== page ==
Google's self-driving cars are really confused by 'hipster bicycles'

Google’s self-driving cars are intensely careful drivers.

When Google released its first accident reports in June, the company revealed that in the combined 1.8 miles its cars had been on the road, they had only been involved in 12 minor accidents — none of which were their fault.

But this default to caution can cause strange incidents when Google cars run into humans engaging in non-standard behaviour. One such incident reportedly occurred earlier this month in Austin, when a robot car was baffled by a man riding a fixed-gear bike (also known as a “fixie,” a favourite of so-called hipsters around the world), The Washington Post reports.

Here’s what happened.

The Google car and the cyclist both arrived at a four-way stop. The car got there a fraction of a second before the bike, so the cyclist says he waited for it to continue through. But instead of just putting a foot on the ground at the stop sign, the cyclist did what is known as a “track stand.”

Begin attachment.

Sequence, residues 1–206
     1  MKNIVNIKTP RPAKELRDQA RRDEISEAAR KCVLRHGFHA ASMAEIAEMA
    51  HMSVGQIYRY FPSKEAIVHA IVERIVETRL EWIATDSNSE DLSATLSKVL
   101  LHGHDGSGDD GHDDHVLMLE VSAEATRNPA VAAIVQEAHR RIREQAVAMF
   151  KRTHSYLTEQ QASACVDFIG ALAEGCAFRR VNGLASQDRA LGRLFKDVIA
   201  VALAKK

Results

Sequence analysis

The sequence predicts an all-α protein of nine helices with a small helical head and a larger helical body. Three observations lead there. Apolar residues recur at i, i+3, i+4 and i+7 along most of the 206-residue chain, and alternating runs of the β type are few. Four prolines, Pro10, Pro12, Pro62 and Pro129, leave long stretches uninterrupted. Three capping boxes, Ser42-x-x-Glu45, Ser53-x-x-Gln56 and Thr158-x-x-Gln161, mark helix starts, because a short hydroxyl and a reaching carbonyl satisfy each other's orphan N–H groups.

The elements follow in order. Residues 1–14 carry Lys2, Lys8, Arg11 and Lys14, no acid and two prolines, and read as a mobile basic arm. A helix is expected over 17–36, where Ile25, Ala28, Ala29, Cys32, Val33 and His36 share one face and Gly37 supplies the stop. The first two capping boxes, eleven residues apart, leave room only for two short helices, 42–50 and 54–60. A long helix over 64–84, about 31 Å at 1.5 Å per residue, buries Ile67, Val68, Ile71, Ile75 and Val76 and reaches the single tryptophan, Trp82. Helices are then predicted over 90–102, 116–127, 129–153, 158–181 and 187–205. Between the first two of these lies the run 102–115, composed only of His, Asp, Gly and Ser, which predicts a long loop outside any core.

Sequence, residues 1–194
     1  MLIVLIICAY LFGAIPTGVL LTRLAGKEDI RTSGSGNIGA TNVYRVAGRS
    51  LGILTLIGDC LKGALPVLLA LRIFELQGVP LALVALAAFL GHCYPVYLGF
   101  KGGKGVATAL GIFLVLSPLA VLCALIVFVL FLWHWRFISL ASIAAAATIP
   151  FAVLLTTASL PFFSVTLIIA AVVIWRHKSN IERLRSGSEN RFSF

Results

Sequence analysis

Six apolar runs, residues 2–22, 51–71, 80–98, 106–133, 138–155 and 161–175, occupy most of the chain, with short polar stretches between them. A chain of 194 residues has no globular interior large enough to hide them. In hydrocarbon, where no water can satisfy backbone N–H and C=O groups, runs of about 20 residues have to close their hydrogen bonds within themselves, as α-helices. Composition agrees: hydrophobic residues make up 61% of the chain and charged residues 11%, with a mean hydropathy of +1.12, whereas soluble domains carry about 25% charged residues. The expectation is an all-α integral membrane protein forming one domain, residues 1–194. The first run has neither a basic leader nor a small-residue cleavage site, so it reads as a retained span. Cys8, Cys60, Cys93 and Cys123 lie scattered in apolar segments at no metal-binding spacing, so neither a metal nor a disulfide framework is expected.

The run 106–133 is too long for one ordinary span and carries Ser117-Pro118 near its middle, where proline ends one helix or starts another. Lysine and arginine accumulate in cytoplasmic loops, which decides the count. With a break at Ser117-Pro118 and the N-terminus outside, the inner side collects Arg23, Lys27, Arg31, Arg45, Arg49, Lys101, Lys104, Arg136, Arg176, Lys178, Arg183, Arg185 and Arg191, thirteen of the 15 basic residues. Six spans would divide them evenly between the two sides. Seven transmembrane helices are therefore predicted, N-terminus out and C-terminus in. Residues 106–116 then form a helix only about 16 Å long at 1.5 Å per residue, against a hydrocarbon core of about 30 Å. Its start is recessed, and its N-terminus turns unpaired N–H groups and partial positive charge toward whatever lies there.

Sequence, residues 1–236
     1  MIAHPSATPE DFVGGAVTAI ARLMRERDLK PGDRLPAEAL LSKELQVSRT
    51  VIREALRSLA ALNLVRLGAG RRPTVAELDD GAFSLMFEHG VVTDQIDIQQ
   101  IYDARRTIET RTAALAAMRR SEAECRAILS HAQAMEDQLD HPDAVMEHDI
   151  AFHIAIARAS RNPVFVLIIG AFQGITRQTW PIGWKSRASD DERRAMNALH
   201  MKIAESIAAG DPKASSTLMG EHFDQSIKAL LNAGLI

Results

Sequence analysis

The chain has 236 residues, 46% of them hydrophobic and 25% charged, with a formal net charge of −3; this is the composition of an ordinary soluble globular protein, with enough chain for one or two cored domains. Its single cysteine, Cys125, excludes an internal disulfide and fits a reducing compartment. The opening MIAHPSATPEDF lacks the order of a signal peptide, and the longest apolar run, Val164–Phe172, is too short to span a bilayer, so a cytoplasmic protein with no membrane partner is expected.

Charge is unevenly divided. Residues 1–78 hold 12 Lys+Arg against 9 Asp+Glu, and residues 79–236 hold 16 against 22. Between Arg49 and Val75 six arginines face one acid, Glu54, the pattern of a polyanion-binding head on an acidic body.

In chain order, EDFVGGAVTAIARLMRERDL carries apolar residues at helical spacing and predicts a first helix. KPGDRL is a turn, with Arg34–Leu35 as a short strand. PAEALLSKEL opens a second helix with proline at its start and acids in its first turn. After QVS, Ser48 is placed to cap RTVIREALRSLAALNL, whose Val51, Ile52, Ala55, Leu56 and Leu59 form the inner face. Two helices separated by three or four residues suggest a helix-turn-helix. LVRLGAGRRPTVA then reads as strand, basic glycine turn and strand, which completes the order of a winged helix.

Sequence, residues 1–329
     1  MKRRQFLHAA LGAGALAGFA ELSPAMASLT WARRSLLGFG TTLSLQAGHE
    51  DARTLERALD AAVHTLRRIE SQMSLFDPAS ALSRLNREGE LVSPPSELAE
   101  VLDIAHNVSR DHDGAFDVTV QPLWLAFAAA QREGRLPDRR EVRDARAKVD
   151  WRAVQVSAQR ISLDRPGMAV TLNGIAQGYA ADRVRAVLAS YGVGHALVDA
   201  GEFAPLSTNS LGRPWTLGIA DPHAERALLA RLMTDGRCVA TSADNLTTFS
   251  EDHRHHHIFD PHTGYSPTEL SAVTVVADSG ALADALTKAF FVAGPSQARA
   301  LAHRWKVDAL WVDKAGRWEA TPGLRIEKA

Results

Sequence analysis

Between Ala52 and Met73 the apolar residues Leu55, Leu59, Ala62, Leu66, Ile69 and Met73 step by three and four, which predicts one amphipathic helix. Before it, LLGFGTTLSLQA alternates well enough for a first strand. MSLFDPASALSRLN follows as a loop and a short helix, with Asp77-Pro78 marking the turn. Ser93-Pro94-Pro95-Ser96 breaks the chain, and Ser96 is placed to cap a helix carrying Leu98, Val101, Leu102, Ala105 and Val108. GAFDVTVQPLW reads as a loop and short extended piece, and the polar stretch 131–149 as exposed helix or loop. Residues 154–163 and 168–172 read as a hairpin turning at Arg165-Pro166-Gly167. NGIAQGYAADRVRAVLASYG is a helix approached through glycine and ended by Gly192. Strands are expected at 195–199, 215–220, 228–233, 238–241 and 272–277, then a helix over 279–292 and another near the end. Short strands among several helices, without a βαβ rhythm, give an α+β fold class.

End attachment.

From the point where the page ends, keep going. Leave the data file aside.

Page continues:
A track stand, which is common among riders of fixies, involves the rider pedalling both forward and back and trying to stay upright while moving only a minimal distance. The issue is that during such a track stand, the rider does usually move slightly forward or back — or at least enough to alert the conscientious Google car that some human might be blasting through the stop sign.

“It apparently detected my presence,” the cyclist writes. “And stayed stationary for several seconds. It finally began to proceed, but as it did, I rolled forward an inch while still standing. The car immediately stopped…I continued to stand, it continued to stay stopped. Then as it began to move again, I had to rock the bike to maintain balance. It stopped abruptly.”

The car just could not make up its mind as to what this cyclist was doing.

“We repeated this little dance for about two full minutes and the car never made it past the middle of the intersection,” the cyclist writes.

But even though the car’s behaviour was strange, the cyclist says he actually felt safer dealing with it than a human-operated car. In a recent survey, 27% of Americans said they would support laws restricting human drivers and favouring robot cars in the future. Perhaps cyclists, who routinely face unsafe human drivers on the road might lead the charge.

For its part, Google is trying to take cyclists seriously. The company has patented a method by which self-driving cars can identify cyclists, and even understand their hand signals. Though Google still hasn’t answered the question of why hipsters love fixed-gear bikes so much.

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